every occurence of x and of y is bound. But if we define
, x is free, both y’s are bound.
In the line
, the first y is free, the next two are bound.
Let me emphasize a few things:
- it is individual occurences of variables which are free or bound;
- only occurences of the variable in the quantifier can be bound in the scope of that quantifier;
- the same variable may occur free and bound in the same statement.
What did Hummel mean when he said that was "free in the universe of discourse"? We just got through saying that "free" and "bound" applied to individual occurences of a variable.
Well, his parenthetical remark was: " appears as a line in a derivation without the presence of ".
The phrase "without the presence of " pretty well has to apply to the derivation as a whole. I'll confirm that as we proceed.
Let me add something else. We have the rather confusing fact that: up to some point in a derivation, any variable which has never occurred at all is simultaneously "free in the universe of discourse" and "not free on any line". That's not to say that "free in the universe of discourse" and "not free on any line" are equivalent, merely that they are not exclusive; they have a nontrivial intersection.
Unfortunately, we're not out of the woods yet. What did Hummel mean when he said " is NOT free in any prior premise"?
Did he really mean "premise", or did he mean "line". Working an example will convince me that he must have meant "premise". But it will also convice me that we really mean, any premise in whose scope lies – that is, any premise actually used in obtaining , rather than any premise that precedes it. (Yes, I've just introduced the notion of the scope of a premise. And I'll leave it at that.)
two examples from Copi & Cohen illustrating all the rules
Okay, let's try these rules out. First, let's look at two simple examples showing all 4 rules.
For the first example, let's go look at a valid application of UG; it is also an example of applying UI. This comes from Copi & Cohen (p. 455), and it is a standard syllogism.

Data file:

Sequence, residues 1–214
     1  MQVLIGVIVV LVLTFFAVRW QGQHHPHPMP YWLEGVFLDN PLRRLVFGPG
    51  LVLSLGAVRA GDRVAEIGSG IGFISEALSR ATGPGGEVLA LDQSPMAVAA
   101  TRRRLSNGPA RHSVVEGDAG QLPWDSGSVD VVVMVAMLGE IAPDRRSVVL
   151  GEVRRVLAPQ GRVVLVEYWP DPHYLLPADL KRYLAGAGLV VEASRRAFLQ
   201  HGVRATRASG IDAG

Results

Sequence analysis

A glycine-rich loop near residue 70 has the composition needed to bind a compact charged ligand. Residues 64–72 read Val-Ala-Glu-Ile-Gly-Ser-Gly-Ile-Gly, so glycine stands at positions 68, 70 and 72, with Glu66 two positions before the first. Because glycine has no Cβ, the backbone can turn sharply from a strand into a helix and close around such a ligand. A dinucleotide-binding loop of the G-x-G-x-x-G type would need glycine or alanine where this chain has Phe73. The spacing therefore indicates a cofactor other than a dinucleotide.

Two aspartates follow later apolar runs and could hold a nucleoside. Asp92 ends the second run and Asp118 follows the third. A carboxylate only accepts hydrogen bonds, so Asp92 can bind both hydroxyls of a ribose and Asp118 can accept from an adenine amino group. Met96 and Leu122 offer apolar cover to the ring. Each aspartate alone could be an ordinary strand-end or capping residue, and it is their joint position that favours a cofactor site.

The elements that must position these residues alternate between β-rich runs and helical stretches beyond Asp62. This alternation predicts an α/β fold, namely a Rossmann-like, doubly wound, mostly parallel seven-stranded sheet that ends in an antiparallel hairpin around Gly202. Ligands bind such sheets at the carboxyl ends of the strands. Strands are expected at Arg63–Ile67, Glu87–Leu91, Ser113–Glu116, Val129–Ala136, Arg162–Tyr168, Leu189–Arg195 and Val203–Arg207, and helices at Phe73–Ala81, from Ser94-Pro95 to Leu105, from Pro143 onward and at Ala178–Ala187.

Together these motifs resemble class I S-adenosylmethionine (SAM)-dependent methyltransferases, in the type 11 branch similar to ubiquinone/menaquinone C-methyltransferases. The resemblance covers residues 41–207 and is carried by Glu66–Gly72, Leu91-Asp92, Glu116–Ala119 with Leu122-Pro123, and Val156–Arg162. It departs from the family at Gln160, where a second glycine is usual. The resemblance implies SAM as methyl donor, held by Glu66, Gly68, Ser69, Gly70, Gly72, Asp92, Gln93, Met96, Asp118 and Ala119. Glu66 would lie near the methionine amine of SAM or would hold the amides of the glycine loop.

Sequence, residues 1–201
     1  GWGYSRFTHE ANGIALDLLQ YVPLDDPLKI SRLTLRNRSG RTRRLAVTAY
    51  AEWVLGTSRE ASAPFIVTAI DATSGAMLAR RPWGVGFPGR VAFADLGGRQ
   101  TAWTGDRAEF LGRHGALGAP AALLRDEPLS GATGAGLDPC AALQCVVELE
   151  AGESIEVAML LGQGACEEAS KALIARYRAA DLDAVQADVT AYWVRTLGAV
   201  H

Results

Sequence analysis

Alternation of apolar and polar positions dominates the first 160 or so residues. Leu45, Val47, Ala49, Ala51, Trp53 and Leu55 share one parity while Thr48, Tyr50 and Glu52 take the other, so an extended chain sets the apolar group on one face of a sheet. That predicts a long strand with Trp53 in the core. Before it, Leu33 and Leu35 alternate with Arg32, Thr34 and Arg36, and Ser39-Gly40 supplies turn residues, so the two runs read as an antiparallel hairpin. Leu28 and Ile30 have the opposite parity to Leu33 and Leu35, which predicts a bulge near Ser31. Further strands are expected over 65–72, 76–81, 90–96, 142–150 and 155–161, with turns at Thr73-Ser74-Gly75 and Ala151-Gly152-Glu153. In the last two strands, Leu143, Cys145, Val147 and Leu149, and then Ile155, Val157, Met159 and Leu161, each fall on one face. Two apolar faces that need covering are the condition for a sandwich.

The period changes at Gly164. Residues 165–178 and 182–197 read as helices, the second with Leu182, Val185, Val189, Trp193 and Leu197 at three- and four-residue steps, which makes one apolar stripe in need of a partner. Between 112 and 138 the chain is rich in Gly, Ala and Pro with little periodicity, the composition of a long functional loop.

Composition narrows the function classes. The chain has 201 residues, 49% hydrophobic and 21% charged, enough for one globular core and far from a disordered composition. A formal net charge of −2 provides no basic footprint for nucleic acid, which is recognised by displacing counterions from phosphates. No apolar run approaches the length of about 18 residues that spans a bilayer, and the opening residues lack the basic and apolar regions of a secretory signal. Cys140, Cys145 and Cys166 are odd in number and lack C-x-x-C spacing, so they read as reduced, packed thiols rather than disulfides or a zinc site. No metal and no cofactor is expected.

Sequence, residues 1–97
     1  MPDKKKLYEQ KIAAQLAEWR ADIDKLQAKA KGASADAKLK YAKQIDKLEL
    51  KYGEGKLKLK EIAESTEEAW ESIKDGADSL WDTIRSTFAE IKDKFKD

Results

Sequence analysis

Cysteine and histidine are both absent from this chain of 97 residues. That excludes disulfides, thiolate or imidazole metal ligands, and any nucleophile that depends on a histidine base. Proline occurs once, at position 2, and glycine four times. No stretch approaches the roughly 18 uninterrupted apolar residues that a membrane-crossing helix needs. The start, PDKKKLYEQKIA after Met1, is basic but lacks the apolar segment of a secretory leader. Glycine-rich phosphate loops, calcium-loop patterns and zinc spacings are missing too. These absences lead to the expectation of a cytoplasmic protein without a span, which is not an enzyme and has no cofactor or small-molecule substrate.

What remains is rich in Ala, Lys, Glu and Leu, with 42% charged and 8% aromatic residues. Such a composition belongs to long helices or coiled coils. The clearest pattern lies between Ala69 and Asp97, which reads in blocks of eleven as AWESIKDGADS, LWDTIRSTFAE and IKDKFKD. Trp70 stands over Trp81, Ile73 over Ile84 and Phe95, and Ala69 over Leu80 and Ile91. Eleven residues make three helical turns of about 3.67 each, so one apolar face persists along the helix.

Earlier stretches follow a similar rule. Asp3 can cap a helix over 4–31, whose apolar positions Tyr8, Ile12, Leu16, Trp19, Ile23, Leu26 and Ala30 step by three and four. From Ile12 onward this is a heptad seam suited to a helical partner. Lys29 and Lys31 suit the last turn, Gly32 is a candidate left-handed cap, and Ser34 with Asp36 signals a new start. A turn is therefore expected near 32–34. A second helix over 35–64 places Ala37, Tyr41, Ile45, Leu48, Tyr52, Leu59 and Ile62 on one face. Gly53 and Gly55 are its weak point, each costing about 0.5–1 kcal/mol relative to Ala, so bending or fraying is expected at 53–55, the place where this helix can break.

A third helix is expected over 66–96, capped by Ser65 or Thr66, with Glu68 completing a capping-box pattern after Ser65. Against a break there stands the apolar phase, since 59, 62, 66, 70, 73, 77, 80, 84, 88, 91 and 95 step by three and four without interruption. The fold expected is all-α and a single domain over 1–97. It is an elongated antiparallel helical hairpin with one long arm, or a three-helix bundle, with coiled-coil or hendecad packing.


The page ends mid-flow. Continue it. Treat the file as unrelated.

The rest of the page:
All humans are mortal; all Greeks are human: all Greeks are mortal.
To apply UI (US: may be followed by , free in universe) to get line 3, we introduce the new variable y; to apply UI to get line 4, we note that y is still free in the universe of discourse.
But to apply UG (UG: may be followed by , NOT free in premises and nothing freed by ES) we have to assume that although y is free on a prior line, it is not free in either of the premises. And that requires that y on line 3 be a different symbol from x on lines 1 and 2.
This is why I'm sure Hummel really did mean to distinquish "any prior premise" from "any prior line".
Incidentally, what figure is this syllogism? The middle term is the repeated one, the subject is in the second premise, so…
which is figure 1. Further, each line is a universal affirmative, so we have AAA in figure 1, known as Barbara.
Let's look at another example, one using everything but UG. This, too, comes from Copi & Cohen (pp. 458-459).
All criminals are vicious; some humans are criminals: some humans are vicious.
To apply EI to line 2 (ES: may be followed by , NOT free on prior), we introduce a new variable y: it is not free on any prior line because it's not on any prior line.
To apply UI to line 1 (US: may be followed by , free in universe), we are allowed to use y again, because it has no bound occurrences.
Finally, to apply EG to line 9 (EG: may be followed by , free in universe) we observe that y is still free in the universe of discourse.